Aminatta Forna

Aminatta Forna
Aminatta Forna at the awards ceremony of the LiBeraturpreis 2008 for her book "Ancestor Stones".
Forna in Frankfurt am Main, 2008
Born1964 (age 54–55)
Bellshill, Lanarkshire, Scotland
OccupationAuthor, academic, commentator
Alma materUniversity College London
Notable worksThe Devil That Danced on the Water: A Daughter's Quest (2003);
Ancestor Stones (2006);
The Memory of Love (2010)
Notable awardsCommonwealth Writers' Prize Best Book Award 2011;

Aminatta Forna, OBE (born 1964) is a Scottish and Sierra Leonean writer. She is the author of a memoir, The Devil That Danced on the Water,[1][2] and four novels: Ancestor Stones (2006),[3] The Memory of Love (2010),[4] The Hired Man (2013)[5][6] and Happiness (2018). Her novel The Memory of Love was awarded the Commonwealth Writers' Prize for "Best Book" in 2011,[7][8] and was also shortlisted for the Orange Prize for Fiction.[9] Forna is Professor of Creative Writing at Bath Spa University and was, until recently, Sterling Brown Distinguished Visiting Professor at Williams College in Massachusetts.[10][11] She is currently Lannan Visiting Chair of Poetics at Georgetown University in Washington, DC.[12]

On 7 March 2014, Forna was announced as the recipient of the 2014 Windham–Campbell Literature Prize (Fiction).[13][14][15]

In 2015 Forna was part of the judging panel which awarded the Sunday Times EFG Private Bank Short Story Award to Yiyun Li.[16]

The finalists for the 2016 Neustadt International Prize for Literature were announced in May 2015.[17][18] The list included Forna and writers, poets and playwrights from around the world. The majority of the finalists were women writers.[17][19]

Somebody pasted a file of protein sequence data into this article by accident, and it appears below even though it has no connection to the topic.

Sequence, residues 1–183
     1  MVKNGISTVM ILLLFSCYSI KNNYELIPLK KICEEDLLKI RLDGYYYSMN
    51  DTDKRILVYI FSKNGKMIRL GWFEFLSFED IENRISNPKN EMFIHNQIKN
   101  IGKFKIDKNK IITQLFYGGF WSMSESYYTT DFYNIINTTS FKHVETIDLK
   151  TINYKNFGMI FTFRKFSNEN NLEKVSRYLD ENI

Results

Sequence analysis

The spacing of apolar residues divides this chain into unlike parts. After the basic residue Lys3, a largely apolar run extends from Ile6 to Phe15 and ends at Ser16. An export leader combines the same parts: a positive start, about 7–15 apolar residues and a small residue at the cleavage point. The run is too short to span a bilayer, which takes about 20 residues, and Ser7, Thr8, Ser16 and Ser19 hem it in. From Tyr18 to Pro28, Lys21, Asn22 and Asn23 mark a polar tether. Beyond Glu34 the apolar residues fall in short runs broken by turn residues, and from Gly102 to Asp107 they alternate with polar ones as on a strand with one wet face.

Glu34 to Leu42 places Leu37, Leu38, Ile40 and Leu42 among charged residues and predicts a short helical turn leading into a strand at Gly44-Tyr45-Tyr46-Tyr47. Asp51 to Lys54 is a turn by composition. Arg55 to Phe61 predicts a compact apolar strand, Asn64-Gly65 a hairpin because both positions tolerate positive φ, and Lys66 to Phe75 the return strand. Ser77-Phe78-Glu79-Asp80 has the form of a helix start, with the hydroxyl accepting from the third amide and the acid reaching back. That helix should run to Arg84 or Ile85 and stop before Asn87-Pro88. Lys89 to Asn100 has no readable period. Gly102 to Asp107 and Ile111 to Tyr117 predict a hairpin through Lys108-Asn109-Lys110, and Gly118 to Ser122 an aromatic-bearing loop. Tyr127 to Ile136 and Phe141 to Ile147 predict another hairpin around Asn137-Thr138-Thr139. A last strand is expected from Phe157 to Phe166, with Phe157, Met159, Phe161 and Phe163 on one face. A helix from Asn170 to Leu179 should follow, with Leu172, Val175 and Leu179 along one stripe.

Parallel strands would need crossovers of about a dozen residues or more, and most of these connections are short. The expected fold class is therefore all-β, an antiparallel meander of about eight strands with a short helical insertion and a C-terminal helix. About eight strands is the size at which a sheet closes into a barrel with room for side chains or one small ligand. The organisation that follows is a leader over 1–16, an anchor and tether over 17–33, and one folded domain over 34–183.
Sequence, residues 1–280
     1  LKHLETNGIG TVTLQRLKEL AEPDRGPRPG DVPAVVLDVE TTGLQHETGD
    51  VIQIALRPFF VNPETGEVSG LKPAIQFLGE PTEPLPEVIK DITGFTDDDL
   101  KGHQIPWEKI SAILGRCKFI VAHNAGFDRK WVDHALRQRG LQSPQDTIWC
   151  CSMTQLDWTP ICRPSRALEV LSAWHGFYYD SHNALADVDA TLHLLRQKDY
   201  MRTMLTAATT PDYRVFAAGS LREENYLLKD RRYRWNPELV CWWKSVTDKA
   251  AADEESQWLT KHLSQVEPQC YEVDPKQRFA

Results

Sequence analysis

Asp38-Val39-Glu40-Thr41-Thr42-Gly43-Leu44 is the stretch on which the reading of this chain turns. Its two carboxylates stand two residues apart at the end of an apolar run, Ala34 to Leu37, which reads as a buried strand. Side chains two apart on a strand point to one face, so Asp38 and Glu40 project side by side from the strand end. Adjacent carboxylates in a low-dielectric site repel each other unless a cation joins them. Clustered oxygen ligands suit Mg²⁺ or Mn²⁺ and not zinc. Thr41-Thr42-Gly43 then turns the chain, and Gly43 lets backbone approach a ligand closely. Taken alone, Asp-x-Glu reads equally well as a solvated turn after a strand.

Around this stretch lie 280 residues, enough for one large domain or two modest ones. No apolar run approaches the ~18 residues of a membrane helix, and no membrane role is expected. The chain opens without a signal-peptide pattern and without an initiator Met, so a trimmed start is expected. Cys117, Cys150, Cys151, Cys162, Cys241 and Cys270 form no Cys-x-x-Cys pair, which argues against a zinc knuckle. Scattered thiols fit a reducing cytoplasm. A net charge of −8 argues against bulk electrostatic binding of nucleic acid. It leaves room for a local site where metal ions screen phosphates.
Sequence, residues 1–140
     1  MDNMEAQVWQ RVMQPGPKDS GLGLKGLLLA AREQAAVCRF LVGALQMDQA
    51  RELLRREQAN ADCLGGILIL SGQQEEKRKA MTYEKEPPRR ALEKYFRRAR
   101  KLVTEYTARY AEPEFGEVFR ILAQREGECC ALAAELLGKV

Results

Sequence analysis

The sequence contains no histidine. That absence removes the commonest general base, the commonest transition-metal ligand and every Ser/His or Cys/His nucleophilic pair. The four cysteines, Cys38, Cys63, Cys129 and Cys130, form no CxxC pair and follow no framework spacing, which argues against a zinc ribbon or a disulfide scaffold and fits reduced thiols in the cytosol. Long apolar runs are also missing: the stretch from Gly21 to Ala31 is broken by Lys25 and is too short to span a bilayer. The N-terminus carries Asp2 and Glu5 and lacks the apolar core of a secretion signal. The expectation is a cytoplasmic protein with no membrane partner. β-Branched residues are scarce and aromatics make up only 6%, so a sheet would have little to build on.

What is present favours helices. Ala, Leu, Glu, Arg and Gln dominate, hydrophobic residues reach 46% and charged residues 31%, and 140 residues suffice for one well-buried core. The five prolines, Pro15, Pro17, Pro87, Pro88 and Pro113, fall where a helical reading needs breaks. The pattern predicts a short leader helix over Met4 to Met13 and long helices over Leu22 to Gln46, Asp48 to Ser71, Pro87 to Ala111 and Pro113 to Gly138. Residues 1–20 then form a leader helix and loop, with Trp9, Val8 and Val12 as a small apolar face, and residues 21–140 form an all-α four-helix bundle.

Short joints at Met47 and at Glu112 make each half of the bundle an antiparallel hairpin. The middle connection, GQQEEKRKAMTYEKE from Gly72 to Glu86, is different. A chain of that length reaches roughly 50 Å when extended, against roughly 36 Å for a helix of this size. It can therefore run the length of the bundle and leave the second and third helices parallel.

Forna was appointed Officer of the Order of the British Empire (OBE) in the 2017 New Year Honours for services to literature.[20][21][22] Forna is a fellow of the Royal Society of Literature, sits on the advisory committee for the Royal Literary Fund and the Caine Prize for African Writing, has been a judge on several high-profile prize panels, including the 2017 Baileys Women's Prize for Fiction[23] and continues to champion the work of up-and-coming diverse authors.[23][24][25][26] In 2019, the Scotiabank Giller Prize announced that Forna was one of the judges for the 2019 prize, an award of Cdn $140,000 for a Canadian writer.[27]

In March 2019, Forna's Happiness was shortlisted for the European Literature Prize, and in April 2019 was shortlisted for the Royal Society of Literature (RSL) Ondaatje Prize and for the Jhalak Prize[28][29][30][31]

Commenting on her work in a wide-ranging interview with Keija Parssinen in World Literature Today, Forna said: "I think what novelists do is bring into relief something that’s been hiding in plain sight ... describing what it might look like from elsewhere, the view from elsewhere." [32]


Aminatta Forna was born in Bellshill, Scotland,[33] in 1964 to a Sierra Leonean father, Mohamed Forna, and a Scottish mother, Maureen Christison. When Forna was six months old the family travelled to Sierra Leone, where Mohamed Forna worked as a physician. He later became involved in politics and entered government, only to resign citing a growth in political violence and corruption. Between 1970 and 1973 he was imprisoned and declared an Amnesty Prisoner of Conscience. Mohamed Forna was hanged on charges of treason in 1975.[34][35] The events of Forna's childhood and her investigation into the conspiracy surrounding her father's death are the subject of the memoir The Devil That Danced on the Water.[36]

Forna studied law at University College London and was a Harkness Fellow at the University of California, Berkeley. In 2013 she assumed a post as Professor of Creative Writing at Bath Spa University.[37]

Between 1989 and 1999 Forna worked for the BBC, both in radio and television, as a reporter and documentary maker in the spheres of arts and politics. She is also known for her Africa documentaries: Through African Eyes (1995),[38] Africa Unmasked (2002)[39] and The Lost Libraries of Timbuktu (2009).[40] Forna is also a board member of the Royal National Theatre[41] and a judge for The Man Booker International Prize 2013.[42][43]

Forna is the founder of The Rogbonko Village Project, a charity begun as an initiative to build a school in a village in Sierra Leone.[44][45]

Aminatta Forna is married to the furniture designer Simon Westcott and lives in south-east London.[46]

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